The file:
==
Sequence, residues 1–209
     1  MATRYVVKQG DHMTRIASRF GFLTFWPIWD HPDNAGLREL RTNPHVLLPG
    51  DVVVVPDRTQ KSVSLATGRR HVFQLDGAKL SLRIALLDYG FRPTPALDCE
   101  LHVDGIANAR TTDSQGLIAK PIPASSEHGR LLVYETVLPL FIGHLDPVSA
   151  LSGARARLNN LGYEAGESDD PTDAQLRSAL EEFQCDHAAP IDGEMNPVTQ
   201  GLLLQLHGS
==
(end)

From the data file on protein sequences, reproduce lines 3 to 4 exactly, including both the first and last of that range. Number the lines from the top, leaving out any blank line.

    51  DVVVVPDRTQ KSVSLATGRR HVFQLDGAKL SLRIALLDYG FRPTPALDCE
   101  LHVDGIANAR TTDSQGLIAK PIPASSEHGR LLVYETVLPL FIGHLDPVSA